Helena Schrader's Historical Fiction

Dr. Helena P. Schrader is the author of 24 historical fiction and non-fiction works and the winner of more than 53 literary accolades. More than 34,000 copies of her books have been sold. For a complete list of her books and awards see: http://helenapschrader.com

For readers tired of clich├ęs and cartoons, award-winning novelist Helena P. Schrader offers nuanced insight into historical events and figures based on sound research and an understanding of human nature. Her complex and engaging characters bring history back to life as a means to better understand ourselves.

Friday, January 29, 2021

The Battle of Britain: Women on the Front Lines


If ground crews are only rarely mentioned in accounts of the Battle of Britain, the women who actively took part in the battle are all but invisible. Yet both the RAF and the Luftwaffe employed women auxiliaries in highly responsible positions.  

The RAF’s positive attitude towards women was exceptional among the services. The RAF actively encouraged the establishment of a Women’s Auxiliary, which by the end of the war served alongside the RAF in virtually all noncombat functions. 

Even before the start of the war, however, the vital and highly technical jobs of radar operator and operations room plotter, as well as various jobs associated with these activities, were identified as trades especially suited to women. The C-in-C of Fighter Commander, ACM Dowding, personally insisted that the talented women who did these jobs move up into supervisory positions – and be commissioned accordingly.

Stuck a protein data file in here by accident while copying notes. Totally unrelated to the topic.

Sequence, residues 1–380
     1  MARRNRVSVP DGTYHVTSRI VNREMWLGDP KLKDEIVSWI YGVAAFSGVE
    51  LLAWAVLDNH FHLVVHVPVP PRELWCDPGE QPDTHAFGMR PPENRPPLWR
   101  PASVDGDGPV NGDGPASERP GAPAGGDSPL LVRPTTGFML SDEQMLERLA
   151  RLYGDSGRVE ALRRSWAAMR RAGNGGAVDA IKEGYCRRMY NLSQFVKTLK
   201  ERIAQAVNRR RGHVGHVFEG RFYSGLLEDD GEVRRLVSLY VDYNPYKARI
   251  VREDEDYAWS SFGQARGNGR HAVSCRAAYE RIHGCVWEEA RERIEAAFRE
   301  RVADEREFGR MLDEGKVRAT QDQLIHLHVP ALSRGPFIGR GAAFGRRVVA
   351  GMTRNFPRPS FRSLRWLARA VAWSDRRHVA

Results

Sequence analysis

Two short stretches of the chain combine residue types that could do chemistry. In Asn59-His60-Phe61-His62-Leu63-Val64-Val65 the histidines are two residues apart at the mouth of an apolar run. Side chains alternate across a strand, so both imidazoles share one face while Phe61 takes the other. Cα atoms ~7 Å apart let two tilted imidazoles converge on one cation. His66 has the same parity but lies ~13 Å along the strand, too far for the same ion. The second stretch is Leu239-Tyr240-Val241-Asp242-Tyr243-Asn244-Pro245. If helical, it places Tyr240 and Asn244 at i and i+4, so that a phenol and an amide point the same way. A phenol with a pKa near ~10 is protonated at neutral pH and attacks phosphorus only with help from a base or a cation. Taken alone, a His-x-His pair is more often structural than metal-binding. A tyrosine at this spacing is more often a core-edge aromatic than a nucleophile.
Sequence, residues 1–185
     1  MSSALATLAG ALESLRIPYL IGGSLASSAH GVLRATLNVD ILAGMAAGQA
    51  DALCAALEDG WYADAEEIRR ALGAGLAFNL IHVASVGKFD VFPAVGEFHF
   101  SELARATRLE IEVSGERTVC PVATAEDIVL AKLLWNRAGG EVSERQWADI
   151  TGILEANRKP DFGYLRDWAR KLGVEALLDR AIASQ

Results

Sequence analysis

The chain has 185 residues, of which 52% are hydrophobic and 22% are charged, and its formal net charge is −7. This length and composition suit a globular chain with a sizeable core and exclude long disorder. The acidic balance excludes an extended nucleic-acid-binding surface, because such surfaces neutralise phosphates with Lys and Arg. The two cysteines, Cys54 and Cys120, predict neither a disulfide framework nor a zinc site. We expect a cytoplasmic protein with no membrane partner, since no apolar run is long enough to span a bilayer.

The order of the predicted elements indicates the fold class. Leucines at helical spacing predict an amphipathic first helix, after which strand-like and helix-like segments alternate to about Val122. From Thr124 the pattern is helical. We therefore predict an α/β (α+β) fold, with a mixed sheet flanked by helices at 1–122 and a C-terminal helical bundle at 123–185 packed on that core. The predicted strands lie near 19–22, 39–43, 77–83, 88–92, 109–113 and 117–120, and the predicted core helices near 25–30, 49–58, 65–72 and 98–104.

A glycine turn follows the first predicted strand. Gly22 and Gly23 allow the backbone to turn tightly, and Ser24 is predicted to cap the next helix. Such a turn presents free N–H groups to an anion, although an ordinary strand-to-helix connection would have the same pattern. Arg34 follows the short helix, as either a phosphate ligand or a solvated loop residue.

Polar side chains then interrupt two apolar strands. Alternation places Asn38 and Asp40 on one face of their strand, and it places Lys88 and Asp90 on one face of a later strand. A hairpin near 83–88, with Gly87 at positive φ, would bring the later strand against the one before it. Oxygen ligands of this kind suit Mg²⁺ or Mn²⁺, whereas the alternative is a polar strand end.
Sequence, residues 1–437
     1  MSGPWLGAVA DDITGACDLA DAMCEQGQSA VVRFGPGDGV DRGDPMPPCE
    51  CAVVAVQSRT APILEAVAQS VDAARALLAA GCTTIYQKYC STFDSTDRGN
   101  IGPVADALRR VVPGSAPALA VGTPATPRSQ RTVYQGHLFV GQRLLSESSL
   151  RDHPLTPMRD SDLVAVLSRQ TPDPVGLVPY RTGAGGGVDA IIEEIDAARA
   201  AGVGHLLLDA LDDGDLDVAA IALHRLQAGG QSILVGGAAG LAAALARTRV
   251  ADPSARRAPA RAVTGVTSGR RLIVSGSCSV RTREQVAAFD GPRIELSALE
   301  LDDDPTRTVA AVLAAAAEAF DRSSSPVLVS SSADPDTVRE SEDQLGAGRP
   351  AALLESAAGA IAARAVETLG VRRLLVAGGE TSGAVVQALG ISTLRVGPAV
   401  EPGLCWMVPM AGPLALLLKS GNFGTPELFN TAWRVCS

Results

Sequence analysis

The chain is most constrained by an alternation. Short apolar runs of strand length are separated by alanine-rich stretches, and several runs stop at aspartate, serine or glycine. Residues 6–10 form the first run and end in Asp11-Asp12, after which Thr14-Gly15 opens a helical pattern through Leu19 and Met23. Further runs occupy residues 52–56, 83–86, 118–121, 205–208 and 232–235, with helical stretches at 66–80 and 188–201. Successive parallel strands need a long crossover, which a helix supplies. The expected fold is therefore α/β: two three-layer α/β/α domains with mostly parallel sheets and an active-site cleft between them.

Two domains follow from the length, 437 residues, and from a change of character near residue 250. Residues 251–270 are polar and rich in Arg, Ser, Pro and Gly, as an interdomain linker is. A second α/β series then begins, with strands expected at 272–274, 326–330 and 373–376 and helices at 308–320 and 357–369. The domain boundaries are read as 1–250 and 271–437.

During the Battle of Britain over 17,000 WAAF served with the RAF, nearly 4,500 of them with Fighter Command. A number of WAAF were killed and injured and six airwomen were awarded the Military Medal during the Battle.

Despite Nazi ideology about the place of women being exclusively in the home, the Wehrmacht was also forced to rely increasingly on women auxiliaries. The expansion began after the dramatic victories in the West in May/June 1940 and continued throughout the war. The number of women serving with  the Wehrmacht increased from roughly 35,000 women in uniform in 1941 to over 150,000 when Germany surrendered. General conscription for women, industrial and military, was introduced in Germany after the loss of an entire Army at Stalingrad in early 1943, but the bulk of the women serving in the women’s auxiliary forces before 1945 were volunteers. These women are far too often forgotten entirely in accounts of the Second World War. 

Click here to see a video teaser of Where Eagles Never Flew



Friday, January 22, 2021

"There was a bloody great free-for-all..." -- An excerpt from "Where Eagles Never Flew"

 In an earlier entry, I noted that in the air war during World War Two victories claims on all sides were greatly exaggerated. Aerial combat was fast-paced and highly confusing, leading to many false and multiple claims. This excerpt from "Where Eagles Never Flew" is intended to highlight the issue.

(Setting: RAF Tangmere, Late August 1940)

 "I understand you got a Heinkel, Woody." [The CO addressed one one of his pilots.]

"Yes, sir."

"Well done. I saw you put one engine on fire on your first pass. Did you go back around for it?"

"Ah. No. Actually, I didn't even see that. I was afterwards. I broke left and chased after another one. It spun out of control and I saw two of the crew jump."

"Well done. Donohue?"

"I got in some good bursts at a 110 and saw the starboard engine catch fire, but I didn't see him go in. Got distracted by a Messerschmitt."